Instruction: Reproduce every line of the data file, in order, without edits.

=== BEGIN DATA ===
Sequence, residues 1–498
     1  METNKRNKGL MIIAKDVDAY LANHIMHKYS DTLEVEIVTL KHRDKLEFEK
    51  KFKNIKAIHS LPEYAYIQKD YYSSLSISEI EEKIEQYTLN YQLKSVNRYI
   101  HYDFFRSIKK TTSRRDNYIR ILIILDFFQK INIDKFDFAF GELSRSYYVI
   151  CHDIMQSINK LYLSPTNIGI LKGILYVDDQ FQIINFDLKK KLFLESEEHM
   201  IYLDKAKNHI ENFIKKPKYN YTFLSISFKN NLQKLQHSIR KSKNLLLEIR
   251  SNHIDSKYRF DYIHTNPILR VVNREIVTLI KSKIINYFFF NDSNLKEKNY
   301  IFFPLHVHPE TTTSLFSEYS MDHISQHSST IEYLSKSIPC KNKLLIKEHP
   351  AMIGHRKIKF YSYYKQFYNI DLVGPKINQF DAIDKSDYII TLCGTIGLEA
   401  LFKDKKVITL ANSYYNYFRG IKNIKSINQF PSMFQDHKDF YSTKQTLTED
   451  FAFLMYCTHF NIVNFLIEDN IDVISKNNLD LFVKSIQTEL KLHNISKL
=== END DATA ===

Sequence, residues 1–498
     1  METNKRNKGL MIIAKDVDAY LANHIMHKYS DTLEVEIVTL KHRDKLEFEK
    51  KFKNIKAIHS LPEYAYIQKD YYSSLSISEI EEKIEQYTLN YQLKSVNRYI
   101  HYDFFRSIKK TTSRRDNYIR ILIILDFFQK INIDKFDFAF GELSRSYYVI
   151  CHDIMQSINK LYLSPTNIGI LKGILYVDDQ FQIINFDLKK KLFLESEEHM
   201  IYLDKAKNHI ENFIKKPKYN YTFLSISFKN NLQKLQHSIR KSKNLLLEIR
   251  SNHIDSKYRF DYIHTNPILR VVNREIVTLI KSKIINYFFF NDSNLKEKNY
   301  IFFPLHVHPE TTTSLFSEYS MDHISQHSST IEYLSKSIPC KNKLLIKEHP
   351  AMIGHRKIKF YSYYKQFYNI DLVGPKINQF DAIDKSDYII TLCGTIGLEA
   401  LFKDKKVITL ANSYYNYFRG IKNIKSINQF PSMFQDHKDF YSTKQTLTED
   451  FAFLMYCTHF NIVNFLIEDN IDVISKNNLD LFVKSIQTEL KLHNISKL